Kuwait government has one main revenue source: “oil”, and the population has one main source of revenue: “government salaries and projects”. Therefore, trying to increase government revenues by imposing taxes and raising rates, is a viscous circle and an exercise in futility. It would be much easier for the government to cut salaries, shrink new projects and reduce government purchases, thereby eliminating the need for the monumentally complicated, error prone and expensive task of designing and administering equitable taxes, government rates and social subsidies. However, such an easy solution may be difficult, politically at least.
The root of the problem is the misconception that increasing government revenues is possible by increasing the financial burdens on the people. As long as the revenue structure of the economy is as described in the paragraph above, it is an impractical solution, and unlikely to deliver the anticipated results. It is a solution based on accounting and bookkeeping concepts, rather than economics that addresses the economy as whole – not merely shuffling the same revenue.
What New Revenue Sources?
The top priority should be to discover new businesses that generate products and services suitable for export, and those that can replace some of the imports. The task of identifying such businesses remains the responsibility of the private sector entrepreneurs. The government can, of course, help in providing land, easier funding and export marketing public relations and diplomatic support. But for the private sector to surrender before even beginning, under the pretext that such businesses are not feasible, and that it is impossible to compete in the world markets, then they had better get out of the kitchen. Success and profits do not come easy… just ask the Germans and the Japanese, whose countries were devastated twice in the twentieth century.
We had repeatedly written in the past two years, that Kuwait lacks skilled labor, raw materials, large local market, useful scientific and industrial innovation and research & development, all of which limit its options. Capital, however, is aplenty in the government and the private sector coffers, and can be used to establish or purchase businesses in countries that already have the needed factors of production. The world is inundated with opportunities, many of which are governed by good laws that protect bona fide sellers and the buyers. Such direct investments, have the extra advantage of eliminating middlemen and investment managers, whose primary objectives are fees and commissions, with no responsibility for losses.
We had written in March 2016:
“… logic, therefore, entails that we use our abundant capital to invest and directly own manufacturing and service enterprises all over the world, thus spreading the risk. The objective would be to generate sustainable streams of income, while avoiding the curse of industrial and environmental pollution, large numbers of expat labor, labor disputes and billions of wasted subsidies – all for an unrealistic dream. Logic also entails that we direct those investments to countries that have the factors of production that we lack… these projects could have the added bonus of being able to generate 10 – 20 executive jobs for qualified Kuwaitis in each of the owned enterprises. Such a modus operandi is not strange for Kuwait, where for generations before oil, most families earned their livelihood outside Kuwait, either via months of pearl diving, seafaring, or manning the family trading posts in such places as India, Pakistan, Singapore, Aden, Basra, Zanzibar, Bahrain, etc.”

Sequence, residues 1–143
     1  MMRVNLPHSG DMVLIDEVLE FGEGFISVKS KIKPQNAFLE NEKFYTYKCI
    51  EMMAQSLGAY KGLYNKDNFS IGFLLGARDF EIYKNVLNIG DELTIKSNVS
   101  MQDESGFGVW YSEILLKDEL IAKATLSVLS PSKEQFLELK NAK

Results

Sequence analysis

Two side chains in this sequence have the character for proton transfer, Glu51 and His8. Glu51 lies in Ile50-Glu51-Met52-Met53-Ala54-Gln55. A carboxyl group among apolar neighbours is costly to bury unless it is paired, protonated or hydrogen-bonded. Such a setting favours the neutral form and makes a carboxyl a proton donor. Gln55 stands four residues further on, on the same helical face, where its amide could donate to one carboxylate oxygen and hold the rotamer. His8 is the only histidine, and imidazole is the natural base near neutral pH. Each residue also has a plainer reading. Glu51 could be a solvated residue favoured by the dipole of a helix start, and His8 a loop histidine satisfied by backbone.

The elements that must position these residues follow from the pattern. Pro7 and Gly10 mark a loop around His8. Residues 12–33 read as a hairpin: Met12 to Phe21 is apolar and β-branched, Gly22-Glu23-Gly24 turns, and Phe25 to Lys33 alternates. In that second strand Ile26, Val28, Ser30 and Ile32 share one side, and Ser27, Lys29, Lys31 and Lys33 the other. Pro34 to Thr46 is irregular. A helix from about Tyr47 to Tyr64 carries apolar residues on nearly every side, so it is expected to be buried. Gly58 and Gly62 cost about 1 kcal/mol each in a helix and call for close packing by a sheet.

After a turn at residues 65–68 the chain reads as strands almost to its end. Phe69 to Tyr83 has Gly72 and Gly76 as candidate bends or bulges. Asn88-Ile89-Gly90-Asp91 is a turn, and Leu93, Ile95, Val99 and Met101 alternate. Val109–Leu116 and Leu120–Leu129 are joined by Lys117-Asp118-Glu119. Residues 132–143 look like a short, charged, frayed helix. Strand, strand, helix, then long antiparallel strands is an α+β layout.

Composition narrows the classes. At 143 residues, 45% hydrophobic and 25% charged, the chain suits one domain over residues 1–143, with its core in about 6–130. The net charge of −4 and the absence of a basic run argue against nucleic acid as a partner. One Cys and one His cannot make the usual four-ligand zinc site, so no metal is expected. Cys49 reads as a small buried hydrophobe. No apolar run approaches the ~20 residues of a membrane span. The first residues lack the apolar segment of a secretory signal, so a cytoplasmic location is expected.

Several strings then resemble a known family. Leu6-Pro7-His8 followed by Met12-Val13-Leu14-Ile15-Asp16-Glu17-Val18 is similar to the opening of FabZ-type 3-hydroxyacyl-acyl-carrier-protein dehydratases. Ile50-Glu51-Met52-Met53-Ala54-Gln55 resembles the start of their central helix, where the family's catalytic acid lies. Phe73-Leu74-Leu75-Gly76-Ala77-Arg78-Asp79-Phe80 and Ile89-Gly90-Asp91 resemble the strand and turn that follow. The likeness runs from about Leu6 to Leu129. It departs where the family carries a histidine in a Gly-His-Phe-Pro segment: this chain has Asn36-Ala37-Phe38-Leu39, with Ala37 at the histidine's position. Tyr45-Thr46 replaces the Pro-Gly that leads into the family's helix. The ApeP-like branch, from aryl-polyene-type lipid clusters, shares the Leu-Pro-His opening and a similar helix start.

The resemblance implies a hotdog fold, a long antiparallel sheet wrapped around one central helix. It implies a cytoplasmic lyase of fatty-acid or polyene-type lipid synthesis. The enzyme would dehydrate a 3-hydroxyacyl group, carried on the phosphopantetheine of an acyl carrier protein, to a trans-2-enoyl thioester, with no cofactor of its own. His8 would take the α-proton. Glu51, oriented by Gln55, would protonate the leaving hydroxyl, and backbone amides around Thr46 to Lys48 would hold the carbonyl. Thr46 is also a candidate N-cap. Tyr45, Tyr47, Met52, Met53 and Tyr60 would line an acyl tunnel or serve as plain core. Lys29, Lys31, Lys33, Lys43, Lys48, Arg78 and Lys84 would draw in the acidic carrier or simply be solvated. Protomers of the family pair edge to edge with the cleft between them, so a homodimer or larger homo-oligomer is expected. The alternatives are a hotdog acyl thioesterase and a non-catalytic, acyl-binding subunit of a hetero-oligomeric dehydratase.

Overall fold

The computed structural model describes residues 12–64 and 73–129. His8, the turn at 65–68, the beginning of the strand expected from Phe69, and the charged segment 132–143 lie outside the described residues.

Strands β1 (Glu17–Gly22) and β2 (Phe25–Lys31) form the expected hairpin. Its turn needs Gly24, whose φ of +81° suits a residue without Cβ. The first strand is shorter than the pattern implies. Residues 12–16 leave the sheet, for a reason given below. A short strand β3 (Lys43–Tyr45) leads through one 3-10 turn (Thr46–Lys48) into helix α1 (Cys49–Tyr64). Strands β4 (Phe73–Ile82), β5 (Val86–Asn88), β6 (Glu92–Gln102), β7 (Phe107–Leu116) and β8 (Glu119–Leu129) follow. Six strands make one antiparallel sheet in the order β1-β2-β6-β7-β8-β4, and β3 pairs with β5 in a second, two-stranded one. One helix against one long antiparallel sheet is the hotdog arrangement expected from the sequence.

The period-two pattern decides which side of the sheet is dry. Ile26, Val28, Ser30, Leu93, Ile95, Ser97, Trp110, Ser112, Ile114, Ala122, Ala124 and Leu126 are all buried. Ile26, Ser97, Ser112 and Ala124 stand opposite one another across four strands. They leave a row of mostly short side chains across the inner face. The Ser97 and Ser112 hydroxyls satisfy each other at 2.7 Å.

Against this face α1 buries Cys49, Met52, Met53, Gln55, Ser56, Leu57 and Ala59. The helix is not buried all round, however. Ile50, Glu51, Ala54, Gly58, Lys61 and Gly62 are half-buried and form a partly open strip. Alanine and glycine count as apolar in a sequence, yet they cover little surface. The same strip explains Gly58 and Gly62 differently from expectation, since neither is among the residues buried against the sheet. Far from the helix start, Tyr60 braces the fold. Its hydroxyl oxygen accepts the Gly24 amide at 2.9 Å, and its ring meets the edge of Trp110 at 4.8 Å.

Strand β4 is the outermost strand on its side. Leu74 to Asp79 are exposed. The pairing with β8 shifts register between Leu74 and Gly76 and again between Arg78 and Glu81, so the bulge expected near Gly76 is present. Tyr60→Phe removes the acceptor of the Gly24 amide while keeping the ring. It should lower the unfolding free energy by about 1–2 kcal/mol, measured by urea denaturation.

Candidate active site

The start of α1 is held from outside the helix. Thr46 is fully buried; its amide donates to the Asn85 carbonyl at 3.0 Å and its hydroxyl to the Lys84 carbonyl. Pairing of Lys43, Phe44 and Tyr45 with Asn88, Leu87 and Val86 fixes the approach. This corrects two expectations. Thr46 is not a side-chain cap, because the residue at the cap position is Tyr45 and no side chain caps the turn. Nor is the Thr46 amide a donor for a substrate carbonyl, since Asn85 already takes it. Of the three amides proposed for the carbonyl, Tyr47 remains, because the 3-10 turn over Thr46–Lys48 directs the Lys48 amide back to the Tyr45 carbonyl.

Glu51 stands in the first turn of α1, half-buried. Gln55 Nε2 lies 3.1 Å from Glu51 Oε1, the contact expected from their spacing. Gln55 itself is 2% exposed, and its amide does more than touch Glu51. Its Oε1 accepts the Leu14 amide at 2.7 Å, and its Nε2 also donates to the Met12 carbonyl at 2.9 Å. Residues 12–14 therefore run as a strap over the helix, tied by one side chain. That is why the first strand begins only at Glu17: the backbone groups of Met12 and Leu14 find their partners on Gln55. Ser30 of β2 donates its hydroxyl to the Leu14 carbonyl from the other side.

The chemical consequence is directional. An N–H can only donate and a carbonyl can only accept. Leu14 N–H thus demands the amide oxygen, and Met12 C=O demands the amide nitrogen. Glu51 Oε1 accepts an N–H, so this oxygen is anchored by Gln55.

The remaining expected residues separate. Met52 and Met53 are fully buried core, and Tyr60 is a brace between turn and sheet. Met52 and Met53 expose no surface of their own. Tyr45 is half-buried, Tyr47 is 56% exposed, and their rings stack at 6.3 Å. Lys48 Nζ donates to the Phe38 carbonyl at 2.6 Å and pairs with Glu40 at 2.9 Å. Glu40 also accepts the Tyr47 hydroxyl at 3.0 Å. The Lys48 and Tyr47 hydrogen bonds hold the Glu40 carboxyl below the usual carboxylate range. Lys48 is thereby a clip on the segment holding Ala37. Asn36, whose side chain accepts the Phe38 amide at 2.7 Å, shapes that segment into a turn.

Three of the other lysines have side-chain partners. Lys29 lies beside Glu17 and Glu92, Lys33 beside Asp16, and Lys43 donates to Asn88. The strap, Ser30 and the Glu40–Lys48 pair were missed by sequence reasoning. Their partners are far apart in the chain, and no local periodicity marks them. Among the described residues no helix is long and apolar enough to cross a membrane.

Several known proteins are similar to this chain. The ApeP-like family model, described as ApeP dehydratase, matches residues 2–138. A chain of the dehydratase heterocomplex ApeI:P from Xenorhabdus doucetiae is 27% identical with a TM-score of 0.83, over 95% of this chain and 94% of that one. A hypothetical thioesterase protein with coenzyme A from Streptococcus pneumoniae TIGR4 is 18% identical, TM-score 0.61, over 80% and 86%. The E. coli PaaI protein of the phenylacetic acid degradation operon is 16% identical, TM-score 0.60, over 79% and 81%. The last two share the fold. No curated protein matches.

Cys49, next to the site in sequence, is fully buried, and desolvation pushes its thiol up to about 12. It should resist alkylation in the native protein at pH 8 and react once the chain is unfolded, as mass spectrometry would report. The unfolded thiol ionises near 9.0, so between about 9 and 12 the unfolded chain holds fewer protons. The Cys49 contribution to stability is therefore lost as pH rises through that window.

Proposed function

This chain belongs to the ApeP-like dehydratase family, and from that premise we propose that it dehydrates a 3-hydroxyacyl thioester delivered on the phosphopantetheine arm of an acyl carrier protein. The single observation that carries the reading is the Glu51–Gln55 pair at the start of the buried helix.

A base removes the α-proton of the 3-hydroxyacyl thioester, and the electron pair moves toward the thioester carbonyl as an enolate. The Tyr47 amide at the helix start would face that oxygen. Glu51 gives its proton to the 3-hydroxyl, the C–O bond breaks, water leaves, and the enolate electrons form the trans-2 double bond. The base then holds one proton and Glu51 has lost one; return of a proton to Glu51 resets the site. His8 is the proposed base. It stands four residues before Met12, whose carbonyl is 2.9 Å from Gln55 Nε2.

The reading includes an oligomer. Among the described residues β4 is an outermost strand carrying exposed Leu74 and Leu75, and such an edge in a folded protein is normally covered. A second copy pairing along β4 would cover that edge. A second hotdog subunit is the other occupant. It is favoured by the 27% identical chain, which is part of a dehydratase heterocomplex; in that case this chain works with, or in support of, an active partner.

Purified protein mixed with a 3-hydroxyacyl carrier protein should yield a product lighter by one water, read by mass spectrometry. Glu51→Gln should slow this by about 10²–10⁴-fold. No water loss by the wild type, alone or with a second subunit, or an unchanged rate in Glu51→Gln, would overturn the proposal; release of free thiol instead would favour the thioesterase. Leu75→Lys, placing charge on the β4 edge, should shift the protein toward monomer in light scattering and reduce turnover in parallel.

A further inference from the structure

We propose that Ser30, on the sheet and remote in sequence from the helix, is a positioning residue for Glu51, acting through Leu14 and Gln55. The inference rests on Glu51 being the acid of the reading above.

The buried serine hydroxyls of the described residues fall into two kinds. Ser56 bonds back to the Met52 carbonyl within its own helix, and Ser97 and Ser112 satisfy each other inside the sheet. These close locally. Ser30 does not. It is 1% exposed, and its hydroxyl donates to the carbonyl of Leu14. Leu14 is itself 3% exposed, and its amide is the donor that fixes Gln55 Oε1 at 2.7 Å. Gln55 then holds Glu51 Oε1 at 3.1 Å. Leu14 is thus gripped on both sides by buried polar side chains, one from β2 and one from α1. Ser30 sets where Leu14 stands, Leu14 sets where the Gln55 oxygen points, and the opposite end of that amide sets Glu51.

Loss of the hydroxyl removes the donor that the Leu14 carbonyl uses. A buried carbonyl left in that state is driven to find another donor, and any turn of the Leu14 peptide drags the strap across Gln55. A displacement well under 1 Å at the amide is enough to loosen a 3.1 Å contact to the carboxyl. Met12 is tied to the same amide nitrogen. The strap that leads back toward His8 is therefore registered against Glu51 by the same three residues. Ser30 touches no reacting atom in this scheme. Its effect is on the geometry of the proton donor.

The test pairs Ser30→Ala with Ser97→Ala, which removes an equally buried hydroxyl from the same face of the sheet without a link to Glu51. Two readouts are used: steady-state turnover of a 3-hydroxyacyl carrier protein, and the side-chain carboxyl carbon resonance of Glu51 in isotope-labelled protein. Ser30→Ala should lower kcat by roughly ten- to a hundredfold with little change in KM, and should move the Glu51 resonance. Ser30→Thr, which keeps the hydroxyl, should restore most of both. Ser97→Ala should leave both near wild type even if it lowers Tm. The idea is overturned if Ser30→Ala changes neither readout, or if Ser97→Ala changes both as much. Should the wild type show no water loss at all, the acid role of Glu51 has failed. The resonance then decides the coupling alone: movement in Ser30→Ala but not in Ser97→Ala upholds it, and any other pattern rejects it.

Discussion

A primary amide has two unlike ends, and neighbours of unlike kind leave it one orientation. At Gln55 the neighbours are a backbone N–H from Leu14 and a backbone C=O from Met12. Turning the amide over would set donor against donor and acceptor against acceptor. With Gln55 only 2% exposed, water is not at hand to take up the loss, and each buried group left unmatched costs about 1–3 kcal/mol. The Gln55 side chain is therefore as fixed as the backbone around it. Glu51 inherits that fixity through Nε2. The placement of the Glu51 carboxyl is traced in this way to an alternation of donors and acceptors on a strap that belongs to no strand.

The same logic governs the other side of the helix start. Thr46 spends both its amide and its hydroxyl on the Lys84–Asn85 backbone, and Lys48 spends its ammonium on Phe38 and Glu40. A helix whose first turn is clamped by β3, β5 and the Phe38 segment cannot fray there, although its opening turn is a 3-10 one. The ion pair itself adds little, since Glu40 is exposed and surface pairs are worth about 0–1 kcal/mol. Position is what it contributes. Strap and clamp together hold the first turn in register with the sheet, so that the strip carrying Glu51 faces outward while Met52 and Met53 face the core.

A related misconception is the fallacious opinions that continue to call for the immediate privatization of the government services and institutions, despite the many well documented reservations. Careful and diligent study is needed before such decisions are considered, let alone taken. There is no excuse for rushing into the unknown, even if the public-sector decision makers are eager to abandon their difficult-to-manage responsibilities, or the private sector is madly racing to nab guaranteed profitable opportunities by buying government monopolies with a never ending demand for their products and services.
But wait, there is now a way to fulfill everybody’s desire for revenue diversification and privatization, all in one stroke. Many countries are offering to privatize parts of their public sectors, and are welcoming capable investors to buy and manage them.
Brazil is presently offering to privatize the equivalent of 8.5 Billion Kuwaiti Dinars worth of its public sector. This covers 57 government companies and will be finalized during 2017 and 2018.
Among the businesses that Brazil is offering are: 51% of its electricity generation company (estimated at KD 1.9 Billion), 11 electricity transmission lines in various Brazilian states, 15 marine ports, 2 major cross-country toll highways, 14 airports (one of which is the second largest with 21 million passenger per year throughput), the government money printing press (established in 1694), minerals exploration rights in 46,000 square kilometers in an area known to contain various minerals, including large quantities of gold, and many other government companies.
This certainly is a rare investment opportunity to diversify Kuwait’s sources of revenue, and is only available because Brazil is passing through difficult financial times (partially caused by the drop of it oil revenues!). Even India, plans to invest US$ 1 Billion per year in Brazil’s privatization program.
As for our privatization fans, here is the golden opportunity to flex your muscles and show us what you can do… in Brazil, not Kuwait.